Then came the watershed success of Supernatural. Signing with Arista Records chief Clive Davis – who had shepherded Santana’s early success at Columbia Records – Carlos described to Davis his goal of not only connecting the molecules with the light, but once again connecting his music with a mass audience. With Latin pop ascendant at the time, Davis conceived of wedding the classic Santana sound to songs written by some of contemporary music’s biggest stars, including Matchbox Twenty’s Rob Thomas, Wyclef Jean, and Dave Mathews, among others. The result was an album that debuted at No. 1, sold more than 22 million copies in the U.S. alone, and won nine Grammys, including Album of the Year and Song of the Year.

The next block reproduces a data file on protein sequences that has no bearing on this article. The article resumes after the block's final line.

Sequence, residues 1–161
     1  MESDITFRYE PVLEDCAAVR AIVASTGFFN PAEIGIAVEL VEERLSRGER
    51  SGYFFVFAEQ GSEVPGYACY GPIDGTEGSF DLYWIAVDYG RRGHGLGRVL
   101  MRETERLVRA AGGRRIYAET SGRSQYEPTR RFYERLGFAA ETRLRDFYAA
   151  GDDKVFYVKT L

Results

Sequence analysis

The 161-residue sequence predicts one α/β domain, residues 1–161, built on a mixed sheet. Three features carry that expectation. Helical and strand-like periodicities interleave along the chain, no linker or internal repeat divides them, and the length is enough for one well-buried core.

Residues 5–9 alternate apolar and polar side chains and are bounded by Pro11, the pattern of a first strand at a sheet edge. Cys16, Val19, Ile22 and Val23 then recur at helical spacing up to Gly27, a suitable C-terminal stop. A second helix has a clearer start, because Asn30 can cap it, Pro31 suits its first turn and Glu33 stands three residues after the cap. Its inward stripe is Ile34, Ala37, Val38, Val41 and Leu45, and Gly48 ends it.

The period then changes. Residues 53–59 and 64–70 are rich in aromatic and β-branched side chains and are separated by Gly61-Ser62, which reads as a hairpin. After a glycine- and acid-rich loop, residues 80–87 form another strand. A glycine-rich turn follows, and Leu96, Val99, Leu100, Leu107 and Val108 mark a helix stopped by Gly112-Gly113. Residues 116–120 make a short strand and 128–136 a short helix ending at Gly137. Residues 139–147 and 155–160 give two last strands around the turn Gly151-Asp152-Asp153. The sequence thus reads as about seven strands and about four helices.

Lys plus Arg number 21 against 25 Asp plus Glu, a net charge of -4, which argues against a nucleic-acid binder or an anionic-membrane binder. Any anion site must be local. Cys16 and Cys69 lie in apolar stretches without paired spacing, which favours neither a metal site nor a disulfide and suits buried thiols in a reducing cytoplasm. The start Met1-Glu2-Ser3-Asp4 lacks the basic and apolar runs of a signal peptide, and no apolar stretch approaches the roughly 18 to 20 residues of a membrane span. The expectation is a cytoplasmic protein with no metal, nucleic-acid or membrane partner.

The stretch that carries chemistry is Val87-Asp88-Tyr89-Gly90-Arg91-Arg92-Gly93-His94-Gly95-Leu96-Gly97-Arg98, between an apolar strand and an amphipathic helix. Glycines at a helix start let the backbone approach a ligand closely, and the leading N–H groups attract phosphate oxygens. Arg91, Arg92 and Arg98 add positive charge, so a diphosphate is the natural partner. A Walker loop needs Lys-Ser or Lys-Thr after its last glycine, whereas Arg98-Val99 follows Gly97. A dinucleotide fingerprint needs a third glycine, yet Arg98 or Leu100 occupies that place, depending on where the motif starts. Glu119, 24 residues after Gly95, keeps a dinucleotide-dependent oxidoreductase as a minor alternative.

Carlos Santana was inducted, along with the members of the original Santana band, into the Rock and Roll Hall of Fame in 1998. Rolling Stone magazine placed him at No. 20 on its list of “100 Greatest Guitarists of All Time.” More than 20 of Santana’s albums have been certified gold or platinum, and he has sold over 100 million albums worldwide, won 10 Grammys, and three Latin Grammys. Santana is one of only two artists – the other being the Rolling Stones – to place an album in the Top 10 in every decade from the 1960s to the present. He was bestowed Billboard’s Century Award in 1996 and Billboard’s Latin Music Awards’ Lifetime Achievement Award in 2009.
He is an outspoken champion of human rights and a noted social activist and philanthropist, supporting non-profit programs for underserved children and youth in areas of arts, education and health via his Milagro (which translates as “Miracle”) Foundation.
Underlying all of it, however – the hardscrabble beginnings, the striving for success and spirituality, the heartbreak, the humility, the trials and triumphs – are three words that may sound like hippie platitudes from the streets of ’60s San Francisco, but which Carlos Santana has given a lifetime of effort to make real: peace, hope and love.